• Does your book contain a message for readers to consider?

From my perspective, anyway, a lot of my writing is more about looking at things in order to ask questions, not to give answers. I’d rather make readers ponder a question rather than sort of push my own point of view. The book, however, hovers around a couple of themes that are important to me, which are freedom and unity.

  • Would you be interested in sharing a teaser? 

When the global government took form in 2020, life from the rest of the system made itself known. Considering the technology of Earth’s planetary neighbors, you’d think the smog problem wouldn’t last. But there were precisely two problems standing in the way: the Martians, who had fits of laughter about humans using oil, were mercenaries. All they liked to do was trade. And they had plenty of oil they wanted to get rid of. With our supplies starting to trickle, they were happy to feed the addiction.

But a little more grievously, the Venusians had tried presenting a magnetic grid solution for powering our vehicles. And they presented to the wrong politicians, who were in the wrong pockets and saw to it that such a thing wouldn’t happen on their watch. It took a while for the Venusians to finally understand, but when they did, it was an easy answer: give the politicians more power than oil was giving them. Let New York raise funds from every car tapping into the magnetic grid. Then the oil cats couldn’t pull their strings and — with so many funds available — New York could cut back on taxes, providing relief to the people, and still fund extra programs.

It was a nice idea. In fact, it was a great idea, and put in place by 2030. But of course the taxes weren’t lowered. The government just reached its arms out further for a kind and smothering embrace.

It’s a long way of saying that the roads were metal now and, looked at from above, appeared to be so many cheese graters jammed end-to-end; this, because of the myriad holes across each section of road. The holes, it was said, were for drainage, and there was no question they worked in that way. But there were those who swore that they’d be used to release gas “when the government wants to take over.”

“But they’ve already taken over. They control everything!” said the opposition.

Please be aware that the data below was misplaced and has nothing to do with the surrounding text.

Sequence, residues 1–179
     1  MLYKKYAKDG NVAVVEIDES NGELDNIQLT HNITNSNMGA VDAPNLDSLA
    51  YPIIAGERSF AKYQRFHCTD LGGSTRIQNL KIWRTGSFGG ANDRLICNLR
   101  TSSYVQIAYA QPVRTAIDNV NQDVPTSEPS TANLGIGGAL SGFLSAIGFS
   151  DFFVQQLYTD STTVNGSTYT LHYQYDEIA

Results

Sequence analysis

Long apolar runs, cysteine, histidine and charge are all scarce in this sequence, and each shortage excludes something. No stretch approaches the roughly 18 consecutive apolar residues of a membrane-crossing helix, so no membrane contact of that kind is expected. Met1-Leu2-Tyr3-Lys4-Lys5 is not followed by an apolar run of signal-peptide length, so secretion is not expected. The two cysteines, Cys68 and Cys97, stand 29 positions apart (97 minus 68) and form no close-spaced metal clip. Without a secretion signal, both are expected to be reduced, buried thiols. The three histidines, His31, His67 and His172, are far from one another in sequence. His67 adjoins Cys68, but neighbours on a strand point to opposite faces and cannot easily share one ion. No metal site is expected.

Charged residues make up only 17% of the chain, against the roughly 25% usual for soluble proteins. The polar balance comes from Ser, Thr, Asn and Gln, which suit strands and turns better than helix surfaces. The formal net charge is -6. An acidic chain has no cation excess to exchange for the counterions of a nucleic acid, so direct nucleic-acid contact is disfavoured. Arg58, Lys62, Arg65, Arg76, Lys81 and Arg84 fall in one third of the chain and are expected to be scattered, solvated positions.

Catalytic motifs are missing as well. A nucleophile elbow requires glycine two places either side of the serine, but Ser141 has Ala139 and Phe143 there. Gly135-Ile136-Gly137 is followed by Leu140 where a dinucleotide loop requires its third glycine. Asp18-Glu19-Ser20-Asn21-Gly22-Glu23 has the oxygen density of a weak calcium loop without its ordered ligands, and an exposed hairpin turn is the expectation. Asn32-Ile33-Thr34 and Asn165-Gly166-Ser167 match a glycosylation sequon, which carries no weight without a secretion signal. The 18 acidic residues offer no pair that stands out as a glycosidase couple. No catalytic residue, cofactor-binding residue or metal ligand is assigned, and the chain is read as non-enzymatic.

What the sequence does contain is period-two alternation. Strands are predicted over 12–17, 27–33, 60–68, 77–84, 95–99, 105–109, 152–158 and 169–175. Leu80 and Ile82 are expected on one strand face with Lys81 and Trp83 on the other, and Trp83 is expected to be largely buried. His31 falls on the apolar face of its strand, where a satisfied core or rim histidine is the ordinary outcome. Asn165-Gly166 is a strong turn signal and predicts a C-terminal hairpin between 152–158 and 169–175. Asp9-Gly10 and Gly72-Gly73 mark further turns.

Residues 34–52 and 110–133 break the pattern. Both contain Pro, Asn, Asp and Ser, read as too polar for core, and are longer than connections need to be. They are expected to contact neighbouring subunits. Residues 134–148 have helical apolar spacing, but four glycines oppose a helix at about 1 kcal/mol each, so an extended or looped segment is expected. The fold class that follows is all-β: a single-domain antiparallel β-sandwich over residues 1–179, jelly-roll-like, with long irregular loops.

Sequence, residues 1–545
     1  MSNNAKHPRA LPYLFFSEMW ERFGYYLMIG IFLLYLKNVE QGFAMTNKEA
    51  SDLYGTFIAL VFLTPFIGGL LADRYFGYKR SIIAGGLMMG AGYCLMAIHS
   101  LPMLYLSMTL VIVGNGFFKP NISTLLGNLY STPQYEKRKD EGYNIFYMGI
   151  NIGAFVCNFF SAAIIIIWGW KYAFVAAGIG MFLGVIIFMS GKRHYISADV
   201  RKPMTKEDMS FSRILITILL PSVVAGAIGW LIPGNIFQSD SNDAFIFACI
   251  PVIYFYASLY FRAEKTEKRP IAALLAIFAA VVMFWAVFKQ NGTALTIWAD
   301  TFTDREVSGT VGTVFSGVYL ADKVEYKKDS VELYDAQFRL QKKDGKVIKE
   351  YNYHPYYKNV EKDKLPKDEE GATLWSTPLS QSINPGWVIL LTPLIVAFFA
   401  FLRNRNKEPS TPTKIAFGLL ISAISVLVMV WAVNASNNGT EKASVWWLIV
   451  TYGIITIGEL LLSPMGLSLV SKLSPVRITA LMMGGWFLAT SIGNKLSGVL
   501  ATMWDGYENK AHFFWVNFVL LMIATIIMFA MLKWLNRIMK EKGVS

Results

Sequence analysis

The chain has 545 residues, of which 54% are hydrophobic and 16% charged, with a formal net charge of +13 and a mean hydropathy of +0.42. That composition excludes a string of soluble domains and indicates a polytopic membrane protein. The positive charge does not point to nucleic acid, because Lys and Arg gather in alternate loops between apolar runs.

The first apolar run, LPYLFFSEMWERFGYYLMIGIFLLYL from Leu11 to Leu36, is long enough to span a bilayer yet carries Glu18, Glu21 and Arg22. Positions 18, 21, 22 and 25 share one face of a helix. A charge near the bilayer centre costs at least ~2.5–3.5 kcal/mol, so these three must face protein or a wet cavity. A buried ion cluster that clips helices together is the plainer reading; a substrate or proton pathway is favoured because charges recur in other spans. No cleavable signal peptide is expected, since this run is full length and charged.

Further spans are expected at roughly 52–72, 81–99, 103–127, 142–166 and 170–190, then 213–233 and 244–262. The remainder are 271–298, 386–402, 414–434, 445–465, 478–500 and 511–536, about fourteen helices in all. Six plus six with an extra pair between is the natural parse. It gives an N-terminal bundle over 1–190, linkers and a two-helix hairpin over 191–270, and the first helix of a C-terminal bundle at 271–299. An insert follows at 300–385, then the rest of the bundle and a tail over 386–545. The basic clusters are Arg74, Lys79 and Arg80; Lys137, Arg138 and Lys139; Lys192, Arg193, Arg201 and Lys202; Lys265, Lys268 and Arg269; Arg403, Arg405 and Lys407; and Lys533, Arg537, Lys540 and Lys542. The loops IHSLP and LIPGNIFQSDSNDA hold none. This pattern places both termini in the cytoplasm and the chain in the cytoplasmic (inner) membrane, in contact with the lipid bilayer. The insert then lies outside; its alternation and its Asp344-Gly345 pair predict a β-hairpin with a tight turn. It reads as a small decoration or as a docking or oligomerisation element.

“Well … they want to control us more,” murmured the first side. Even Smitty, who was suspicious of everything, doubted this position. There really wasn’t much more power to take.

  • What would say has been your biggest challenge and achievement in writing Darwood & Smitty?

The biggest achievement, for me, was finishing a novel that was intended for the public. I had written several books for clients in the past, but this was the first with my name on it. But once it was published, I never treated it as a business, so the challenge has been giving it exposure and attracting readers. Obviously we’re in an age when there are more books published than ever, and they’re competing with YouTube and apps and social media and streaming TV shows and so on.

But I continue sharing its message in a casual way, when opportunities are present and by continuing to build my own website. And I do this not only because I love the idea of being able to share it with others, but because it seems like it gets more and more relevant to our political and corporate world as time goes by.

  • What have you learned about yourself as a writer through writing Darwood & Smitty?

While I also do some fantasy writing, I learned that I really like science fiction. I love pondering “what if,” and thinking about crazy possibilities in how the world works, and science fiction allows you to explore so much of this. I didn’t consider myself a science fiction writer before this, even though when I look back, I remember loving a science fiction project I worked on for a client in the early 2000s.

  • Do you have any advice for other aspiring authors?

There’s a lot of information out there from writers to other writers. I would add something in for younger people, especially those in school. When you can, read good books slowly. Even read out loud. Hear the words and the rhythm in your head or in your ears. Understand how the best writers have used language. And do this in a variety of genres. If you really want to write, learn from those who have succeeded. I think it’s sad that supposedly advanced English classes these days demand that students speed read — I think they lose so much from books when they have to devour huge amounts quickly.